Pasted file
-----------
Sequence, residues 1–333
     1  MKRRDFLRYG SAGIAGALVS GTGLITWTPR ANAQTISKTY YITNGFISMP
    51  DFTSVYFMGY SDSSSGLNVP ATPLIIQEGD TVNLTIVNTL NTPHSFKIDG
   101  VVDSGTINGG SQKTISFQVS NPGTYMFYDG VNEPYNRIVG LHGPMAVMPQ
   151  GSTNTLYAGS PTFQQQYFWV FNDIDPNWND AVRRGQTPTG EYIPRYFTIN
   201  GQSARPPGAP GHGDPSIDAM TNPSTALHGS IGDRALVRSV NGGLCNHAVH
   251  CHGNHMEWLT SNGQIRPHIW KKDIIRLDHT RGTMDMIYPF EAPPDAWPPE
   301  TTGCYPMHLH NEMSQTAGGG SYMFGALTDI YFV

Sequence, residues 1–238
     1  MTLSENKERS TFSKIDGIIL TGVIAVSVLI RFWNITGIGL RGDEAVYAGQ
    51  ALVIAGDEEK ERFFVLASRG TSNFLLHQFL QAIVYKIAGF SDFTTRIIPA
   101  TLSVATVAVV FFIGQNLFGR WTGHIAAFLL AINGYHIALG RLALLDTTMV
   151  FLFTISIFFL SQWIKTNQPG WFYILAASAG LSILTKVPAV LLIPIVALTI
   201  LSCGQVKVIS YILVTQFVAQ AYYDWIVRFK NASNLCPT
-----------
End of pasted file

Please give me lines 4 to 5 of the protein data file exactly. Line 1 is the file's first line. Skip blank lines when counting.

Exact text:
   101  VVDSGTINGG SQKTISFQVS NPGTYMFYDG VNEPYNRIVG LHGPMAVMPQ
   151  GSTNTLYAGS PTFQQQYFWV FNDIDPNWND AVRRGQTPTG EYIPRYFTIN